SINGAPORE — Australian Prime Minister Scott Morrison said Thursday he had a “constructive meeting” with Google chief Sundar Pichai after the tech giant threatened to pull its search engine from the country over a potential new law.
Essentially, Australia wants internet giants Facebook and Google, a subsidiary of Alphabet, to pay for news.
The government introduced a media bill in parliament in December. If passed, the new media bargaining code would require the digital platforms to pay local media outlets and publishers to link their content in news feeds or search results. If the parties cannot reach an agreement, a government-appointed panel will decide on the price.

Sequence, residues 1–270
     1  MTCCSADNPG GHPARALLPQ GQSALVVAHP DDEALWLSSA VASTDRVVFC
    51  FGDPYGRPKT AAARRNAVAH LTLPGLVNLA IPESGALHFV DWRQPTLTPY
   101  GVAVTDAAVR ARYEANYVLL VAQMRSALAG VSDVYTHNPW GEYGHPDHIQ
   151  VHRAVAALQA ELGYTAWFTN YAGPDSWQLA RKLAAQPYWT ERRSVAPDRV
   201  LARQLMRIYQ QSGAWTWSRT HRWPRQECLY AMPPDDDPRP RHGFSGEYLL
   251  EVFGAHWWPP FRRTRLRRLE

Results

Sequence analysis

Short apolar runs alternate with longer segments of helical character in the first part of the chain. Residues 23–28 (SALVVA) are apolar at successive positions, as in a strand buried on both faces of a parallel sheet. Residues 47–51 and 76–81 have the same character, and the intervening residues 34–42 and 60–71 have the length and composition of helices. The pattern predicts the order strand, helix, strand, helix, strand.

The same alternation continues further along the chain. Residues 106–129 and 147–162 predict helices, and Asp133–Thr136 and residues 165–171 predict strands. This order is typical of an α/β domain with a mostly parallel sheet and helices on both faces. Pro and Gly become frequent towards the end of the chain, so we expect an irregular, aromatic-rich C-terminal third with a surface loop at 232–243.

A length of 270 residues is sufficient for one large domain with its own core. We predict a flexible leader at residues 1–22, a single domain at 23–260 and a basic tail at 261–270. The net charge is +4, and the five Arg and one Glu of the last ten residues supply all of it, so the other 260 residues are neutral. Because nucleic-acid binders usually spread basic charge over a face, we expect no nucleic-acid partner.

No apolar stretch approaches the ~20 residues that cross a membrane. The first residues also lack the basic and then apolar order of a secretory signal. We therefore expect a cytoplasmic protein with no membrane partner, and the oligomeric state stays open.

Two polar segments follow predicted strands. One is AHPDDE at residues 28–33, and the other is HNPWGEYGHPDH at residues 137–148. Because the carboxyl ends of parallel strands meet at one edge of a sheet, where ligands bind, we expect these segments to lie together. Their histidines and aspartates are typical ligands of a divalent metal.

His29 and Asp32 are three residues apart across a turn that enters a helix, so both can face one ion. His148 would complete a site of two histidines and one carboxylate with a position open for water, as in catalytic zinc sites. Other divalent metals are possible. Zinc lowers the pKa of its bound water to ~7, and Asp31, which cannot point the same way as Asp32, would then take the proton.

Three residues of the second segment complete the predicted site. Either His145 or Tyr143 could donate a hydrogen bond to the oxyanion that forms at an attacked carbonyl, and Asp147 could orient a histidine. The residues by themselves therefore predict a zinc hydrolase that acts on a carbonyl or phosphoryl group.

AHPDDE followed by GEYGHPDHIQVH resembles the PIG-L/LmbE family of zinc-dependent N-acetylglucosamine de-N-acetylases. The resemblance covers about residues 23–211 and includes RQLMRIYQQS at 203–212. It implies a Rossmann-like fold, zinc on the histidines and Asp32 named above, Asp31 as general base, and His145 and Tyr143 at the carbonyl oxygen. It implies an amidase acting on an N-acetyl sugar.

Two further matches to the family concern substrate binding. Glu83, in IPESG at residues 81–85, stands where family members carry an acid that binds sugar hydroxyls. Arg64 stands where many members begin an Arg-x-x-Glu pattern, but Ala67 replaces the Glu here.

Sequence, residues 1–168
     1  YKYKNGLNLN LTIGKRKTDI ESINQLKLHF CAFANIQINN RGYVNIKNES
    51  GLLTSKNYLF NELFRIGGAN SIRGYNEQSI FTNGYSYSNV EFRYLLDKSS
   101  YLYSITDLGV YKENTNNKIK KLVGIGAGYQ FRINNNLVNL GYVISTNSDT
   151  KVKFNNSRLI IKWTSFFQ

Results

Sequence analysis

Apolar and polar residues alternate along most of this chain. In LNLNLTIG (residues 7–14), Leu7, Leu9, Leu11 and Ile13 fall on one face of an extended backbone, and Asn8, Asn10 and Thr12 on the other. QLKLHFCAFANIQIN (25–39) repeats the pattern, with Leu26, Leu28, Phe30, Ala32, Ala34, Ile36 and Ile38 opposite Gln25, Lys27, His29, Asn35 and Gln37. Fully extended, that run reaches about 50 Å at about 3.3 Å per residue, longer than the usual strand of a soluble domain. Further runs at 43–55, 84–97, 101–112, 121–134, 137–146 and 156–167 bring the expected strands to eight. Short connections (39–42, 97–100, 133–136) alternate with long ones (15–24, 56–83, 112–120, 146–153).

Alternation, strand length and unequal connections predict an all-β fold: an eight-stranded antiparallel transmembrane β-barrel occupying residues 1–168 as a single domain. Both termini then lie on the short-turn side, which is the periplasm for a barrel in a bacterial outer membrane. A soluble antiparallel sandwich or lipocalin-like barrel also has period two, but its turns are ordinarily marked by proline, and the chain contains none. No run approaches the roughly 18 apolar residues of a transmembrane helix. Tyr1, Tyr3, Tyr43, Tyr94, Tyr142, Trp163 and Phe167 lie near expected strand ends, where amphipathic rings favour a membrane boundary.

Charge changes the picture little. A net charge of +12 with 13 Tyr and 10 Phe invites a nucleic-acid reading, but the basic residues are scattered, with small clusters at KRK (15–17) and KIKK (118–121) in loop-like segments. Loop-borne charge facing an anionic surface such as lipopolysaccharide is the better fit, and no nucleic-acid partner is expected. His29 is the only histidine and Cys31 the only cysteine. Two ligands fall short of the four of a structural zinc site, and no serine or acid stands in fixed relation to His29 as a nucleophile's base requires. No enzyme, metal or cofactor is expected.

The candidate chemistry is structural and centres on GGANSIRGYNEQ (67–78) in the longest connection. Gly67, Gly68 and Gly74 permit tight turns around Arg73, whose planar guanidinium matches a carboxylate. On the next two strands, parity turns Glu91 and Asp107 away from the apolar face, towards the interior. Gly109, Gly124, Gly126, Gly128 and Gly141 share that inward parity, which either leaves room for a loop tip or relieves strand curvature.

“I thought it was a constructive meeting,” Morrison told reporters Thursday, according to the transcript of a press conference posted by his office.
“I have been able to send them the best possible signals that should give them a great encouragement to engage with the process and conclude the arrangements we’d like to see them conclude with the various news media organisations in Australia,” he said.
Morrison said Google raised specific aspects of the media bargaining code on the call and the discussions touched on the company’s ability to continue providing services in Australia.
“At the end of the day, they understand that Australia sets the rules for how these things operate. And I was very clear about how I saw this playing out,” Morrison said, without further elaboration.
Google did not immediately respond to CNBC’s request for comments.